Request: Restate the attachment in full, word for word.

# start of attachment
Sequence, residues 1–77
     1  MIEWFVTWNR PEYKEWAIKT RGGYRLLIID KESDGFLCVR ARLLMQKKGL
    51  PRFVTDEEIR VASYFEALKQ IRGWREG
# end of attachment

Sequence, residues 1–77
     1  MIEWFVTWNR PEYKEWAIKT RGGYRLLIID KESDGFLCVR ARLLMQKKGL
    51  PRFVTDEEIR VASYFEALKQ IRGWREG